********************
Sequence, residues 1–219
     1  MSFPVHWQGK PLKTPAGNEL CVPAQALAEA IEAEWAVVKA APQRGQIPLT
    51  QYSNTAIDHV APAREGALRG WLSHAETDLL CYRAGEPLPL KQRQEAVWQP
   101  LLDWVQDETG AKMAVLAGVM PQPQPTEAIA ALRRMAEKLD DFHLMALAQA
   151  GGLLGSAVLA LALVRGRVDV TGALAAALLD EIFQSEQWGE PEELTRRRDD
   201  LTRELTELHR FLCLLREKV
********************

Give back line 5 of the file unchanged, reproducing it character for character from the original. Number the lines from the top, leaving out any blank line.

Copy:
   151  GGLLGSAVLA LALVRGRVDV TGALAAALLD EIFQSEQWGE PEELTRRRDD